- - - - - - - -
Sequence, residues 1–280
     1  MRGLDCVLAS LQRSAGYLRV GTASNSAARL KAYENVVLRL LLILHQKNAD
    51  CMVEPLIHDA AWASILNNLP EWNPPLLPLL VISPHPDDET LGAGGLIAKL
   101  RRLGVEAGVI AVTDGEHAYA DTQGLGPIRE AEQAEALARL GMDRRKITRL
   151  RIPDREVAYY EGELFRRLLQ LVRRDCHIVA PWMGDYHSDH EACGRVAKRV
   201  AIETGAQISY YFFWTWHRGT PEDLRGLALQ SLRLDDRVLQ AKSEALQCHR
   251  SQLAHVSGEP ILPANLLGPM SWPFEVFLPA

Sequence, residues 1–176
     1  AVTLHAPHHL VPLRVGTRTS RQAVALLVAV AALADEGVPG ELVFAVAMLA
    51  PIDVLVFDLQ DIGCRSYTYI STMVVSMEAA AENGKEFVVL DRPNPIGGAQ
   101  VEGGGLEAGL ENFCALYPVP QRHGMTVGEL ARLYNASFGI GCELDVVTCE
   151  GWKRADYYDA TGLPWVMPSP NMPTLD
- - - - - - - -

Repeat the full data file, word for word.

Sequence, residues 1–280
     1  MRGLDCVLAS LQRSAGYLRV GTASNSAARL KAYENVVLRL LLILHQKNAD
    51  CMVEPLIHDA AWASILNNLP EWNPPLLPLL VISPHPDDET LGAGGLIAKL
   101  RRLGVEAGVI AVTDGEHAYA DTQGLGPIRE AEQAEALARL GMDRRKITRL
   151  RIPDREVAYY EGELFRRLLQ LVRRDCHIVA PWMGDYHSDH EACGRVAKRV
   201  AIETGAQISY YFFWTWHRGT PEDLRGLALQ SLRLDDRVLQ AKSEALQCHR
   251  SQLAHVSGEP ILPANLLGPM SWPFEVFLPA

Sequence, residues 1–176
     1  AVTLHAPHHL VPLRVGTRTS RQAVALLVAV AALADEGVPG ELVFAVAMLA
    51  PIDVLVFDLQ DIGCRSYTYI STMVVSMEAA AENGKEFVVL DRPNPIGGAQ
   101  VEGGGLEAGL ENFCALYPVP QRHGMTVGEL ARLYNASFGI GCELDVVTCE
   151  GWKRADYYDA TGLPWVMPSP NMPTLD